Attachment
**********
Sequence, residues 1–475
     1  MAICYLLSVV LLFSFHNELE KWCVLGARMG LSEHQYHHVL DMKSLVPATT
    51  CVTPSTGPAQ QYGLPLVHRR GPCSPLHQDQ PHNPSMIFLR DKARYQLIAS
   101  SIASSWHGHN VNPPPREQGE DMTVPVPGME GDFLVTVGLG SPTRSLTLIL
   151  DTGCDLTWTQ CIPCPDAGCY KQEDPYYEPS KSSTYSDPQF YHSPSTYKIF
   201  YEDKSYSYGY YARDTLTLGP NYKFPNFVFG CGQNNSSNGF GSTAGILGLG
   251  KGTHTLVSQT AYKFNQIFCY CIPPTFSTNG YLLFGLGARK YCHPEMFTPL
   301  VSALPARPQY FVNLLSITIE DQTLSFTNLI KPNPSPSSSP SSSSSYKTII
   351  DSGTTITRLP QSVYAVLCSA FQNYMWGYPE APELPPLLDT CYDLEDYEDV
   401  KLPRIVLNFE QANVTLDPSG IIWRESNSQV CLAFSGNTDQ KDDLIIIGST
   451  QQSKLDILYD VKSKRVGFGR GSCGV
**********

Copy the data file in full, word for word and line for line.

Sequence, residues 1–475
     1  MAICYLLSVV LLFSFHNELE KWCVLGARMG LSEHQYHHVL DMKSLVPATT
    51  CVTPSTGPAQ QYGLPLVHRR GPCSPLHQDQ PHNPSMIFLR DKARYQLIAS
   101  SIASSWHGHN VNPPPREQGE DMTVPVPGME GDFLVTVGLG SPTRSLTLIL
   151  DTGCDLTWTQ CIPCPDAGCY KQEDPYYEPS KSSTYSDPQF YHSPSTYKIF
   201  YEDKSYSYGY YARDTLTLGP NYKFPNFVFG CGQNNSSNGF GSTAGILGLG
   251  KGTHTLVSQT AYKFNQIFCY CIPPTFSTNG YLLFGLGARK YCHPEMFTPL
   301  VSALPARPQY FVNLLSITIE DQTLSFTNLI KPNPSPSSSP SSSSSYKTII
   351  DSGTTITRLP QSVYAVLCSA FQNYMWGYPE APELPPLLDT CYDLEDYEDV
   401  KLPRIVLNFE QANVTLDPSG IIWRESNSQV CLAFSGNTDQ KDDLIIIGST
   451  QQSKLDILYD VKSKRVGFGR GSCGV